Research has shown that this one thing can reduce your risk by nearly 300%.

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There are 6.2 million people living with Alzheimer's disease in the U.S. alone, making it the fifth leading cause of death in the country. That's roughly 1 in 9 people over age 65, and that number is estimated to go up due to the COVID-19 pandemic. Unfortunately, these stats mean that many of us likely know someone with dementia or Alzheimer's and may even have a family history of cognitive-related conditions.

There are several genes that influence your risk for Alzheimer's disease, both positively and negatively. While genes can be inherited, there are other factors that can affect how genes express themselves in an individual. Numerous things can "turn on" and "turn off" genes, like environment (think: where you live—rural or urban), lifestyle (like diet and physical activity), risk-factor management (like not smoking) and more. While there are many factors at play when it comes to cognitive health, there is one thing that stands alone for its protective benefits—and that is living a healthy lifestyle. 

A recent study in the Journal of the American Medical Association found that , depending on genetic risk, some people with a healthy lifestyle had an almost 300% lower risk of developing dementia than those with an unhealthy lifestyle. Sure, that might not be all that surprising and "a healthy lifestyle" feels ... vague. So, we dived into the research to find out exactly what that means for you, so that you can stay healthy and sharp for longer.

Healthy Lifestyle Tips for Dementia 

Luckily for us, there are several ways to pursue a healthy lifestyle that can meet any schedule, home situation or budget.

One of the main tenets of a healthy lifestyle is moving your body. Studies have found that regular exercise can protect against cognitive decline and Alzheimer's disease, even if it's just 10 minutes a day. Activities like walking a few times a week and general aerobic exercise (think: cardio) can especially slash your risk. That said, one of the best ways to start exercising and stick with it is to find a form of movement that you enjoy. 

Another major part of leading a healthy lifestyle is having a healthy, balanced diet. When it comes to dementia, there are some specific recommendations that provide extra benefits, too. The MIND diet is a fusion of the Mediterranean and DASH (Dietary Approaches to Stop Hypertension) diets that focuses on super-brain-healthy foods. Eating ample whole grains, leafy greens, berries, fish, nuts, beans and vegetables is core to following this eating pattern. Recent research has even found that eating in line with the MIND diet can lessen risk of cognitive decline, even if you're already experiencing symptoms (check out our 1-Day Healthy Memory-Boosting Meal Plan for more inspiration).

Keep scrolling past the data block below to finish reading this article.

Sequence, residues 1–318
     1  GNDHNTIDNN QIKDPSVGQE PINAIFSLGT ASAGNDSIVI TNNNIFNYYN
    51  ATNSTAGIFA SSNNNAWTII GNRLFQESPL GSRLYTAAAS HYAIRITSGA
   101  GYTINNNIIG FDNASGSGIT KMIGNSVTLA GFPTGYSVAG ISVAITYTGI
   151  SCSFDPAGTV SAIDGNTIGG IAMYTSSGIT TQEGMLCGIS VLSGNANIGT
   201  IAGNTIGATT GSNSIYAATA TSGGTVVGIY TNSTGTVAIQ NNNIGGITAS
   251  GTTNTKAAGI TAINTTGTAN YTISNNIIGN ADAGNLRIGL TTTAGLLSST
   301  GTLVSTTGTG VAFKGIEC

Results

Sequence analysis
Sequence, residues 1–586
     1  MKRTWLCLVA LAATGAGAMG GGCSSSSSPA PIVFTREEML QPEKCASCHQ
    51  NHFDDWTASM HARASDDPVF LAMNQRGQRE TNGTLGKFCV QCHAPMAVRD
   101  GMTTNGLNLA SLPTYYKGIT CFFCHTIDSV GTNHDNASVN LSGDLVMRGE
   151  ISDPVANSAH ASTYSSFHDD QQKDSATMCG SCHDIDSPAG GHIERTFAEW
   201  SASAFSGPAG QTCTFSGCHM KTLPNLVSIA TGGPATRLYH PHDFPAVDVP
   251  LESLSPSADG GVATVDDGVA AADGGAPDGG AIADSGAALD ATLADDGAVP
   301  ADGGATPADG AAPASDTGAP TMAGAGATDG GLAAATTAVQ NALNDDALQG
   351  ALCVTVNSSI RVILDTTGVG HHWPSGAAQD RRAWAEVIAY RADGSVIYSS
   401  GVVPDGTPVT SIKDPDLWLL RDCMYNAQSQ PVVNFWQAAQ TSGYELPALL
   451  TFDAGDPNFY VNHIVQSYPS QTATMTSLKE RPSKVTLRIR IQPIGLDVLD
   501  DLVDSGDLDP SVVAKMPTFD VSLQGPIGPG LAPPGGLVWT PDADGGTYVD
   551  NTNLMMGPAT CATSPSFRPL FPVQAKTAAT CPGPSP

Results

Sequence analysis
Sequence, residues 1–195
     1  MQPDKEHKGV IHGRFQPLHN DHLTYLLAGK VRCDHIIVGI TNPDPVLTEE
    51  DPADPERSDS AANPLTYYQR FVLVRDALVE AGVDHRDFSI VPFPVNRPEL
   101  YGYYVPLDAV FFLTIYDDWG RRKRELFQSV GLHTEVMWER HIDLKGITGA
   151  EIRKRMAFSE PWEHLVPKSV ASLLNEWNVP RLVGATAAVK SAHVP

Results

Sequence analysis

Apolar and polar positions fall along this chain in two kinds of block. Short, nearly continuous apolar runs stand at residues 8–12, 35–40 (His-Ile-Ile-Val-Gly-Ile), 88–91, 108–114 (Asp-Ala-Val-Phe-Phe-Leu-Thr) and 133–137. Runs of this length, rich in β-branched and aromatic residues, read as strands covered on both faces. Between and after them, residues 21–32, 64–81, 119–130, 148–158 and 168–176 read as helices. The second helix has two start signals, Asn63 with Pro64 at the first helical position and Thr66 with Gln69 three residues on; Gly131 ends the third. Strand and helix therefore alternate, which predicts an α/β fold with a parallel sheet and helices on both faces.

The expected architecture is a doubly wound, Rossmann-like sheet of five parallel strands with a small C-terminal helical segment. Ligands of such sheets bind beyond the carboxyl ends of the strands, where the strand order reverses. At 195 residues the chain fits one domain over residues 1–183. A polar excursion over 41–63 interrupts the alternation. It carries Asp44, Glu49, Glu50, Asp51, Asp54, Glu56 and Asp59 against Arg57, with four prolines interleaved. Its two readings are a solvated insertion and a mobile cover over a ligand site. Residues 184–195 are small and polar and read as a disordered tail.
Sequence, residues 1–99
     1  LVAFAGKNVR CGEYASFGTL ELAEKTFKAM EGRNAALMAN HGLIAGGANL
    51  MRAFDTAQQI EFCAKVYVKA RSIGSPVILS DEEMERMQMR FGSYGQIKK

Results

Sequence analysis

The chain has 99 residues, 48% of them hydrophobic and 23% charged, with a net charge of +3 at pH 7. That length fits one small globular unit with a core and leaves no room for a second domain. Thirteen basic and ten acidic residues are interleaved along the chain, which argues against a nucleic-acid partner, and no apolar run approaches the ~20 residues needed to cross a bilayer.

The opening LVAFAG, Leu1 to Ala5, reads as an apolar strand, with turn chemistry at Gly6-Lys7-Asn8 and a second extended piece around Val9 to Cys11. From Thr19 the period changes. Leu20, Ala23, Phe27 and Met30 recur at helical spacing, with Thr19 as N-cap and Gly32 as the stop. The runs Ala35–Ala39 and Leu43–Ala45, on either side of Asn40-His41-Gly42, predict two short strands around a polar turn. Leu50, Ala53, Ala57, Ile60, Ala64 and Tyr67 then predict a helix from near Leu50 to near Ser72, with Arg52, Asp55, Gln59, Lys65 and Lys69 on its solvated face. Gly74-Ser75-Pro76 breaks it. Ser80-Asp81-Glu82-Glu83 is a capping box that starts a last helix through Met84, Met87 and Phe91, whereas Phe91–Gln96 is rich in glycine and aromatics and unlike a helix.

Habits to Avoid 

On the flip side, there are a few unhealthy habits that can up your risk for cognitive decline. Not eating a nutritious diet and being inactive are big contributors, but there are several less obvious unhealthy lifestyle habits that don't help either.  Not getting enough sleep can put a serious strain on your brain in more ways than one. If you struggle with catching zzz's, there are some expert-approved ways to get a better night's sleep like cutting down on screen time, ditching late-night alcohol and more. Speaking of alcohol, excess booze consumption can also be problematic for brain health (see what a dietitian says about how much alcohol you should be drinking each day for more on that).

While it may be less concrete, having good social support is crucial for staying sharp as you age. Research has shown that people who feel socially isolated are at risk for diminished brain function. And, a recent study also found that people who feel like they have someone around who will listen to them have brains that function about four years younger than expected relative to their physical age. Try to regularly block off time to be social, even if it's virtual.  

Bottom Line 

Dementia and Alzheimer's disease affect over 6 million adults in America, maybe even including some in your family. While there are genetics involved in the development of Alzheimer's disease, leading a healthy lifestyle is the No. 1 way to decrease your risk. Eating well, exercising regularly, getting plenty of sleep and being social can all help you stay sharp as you age. For more, check out these science-backed ways to reduce your risk of cognitive decline.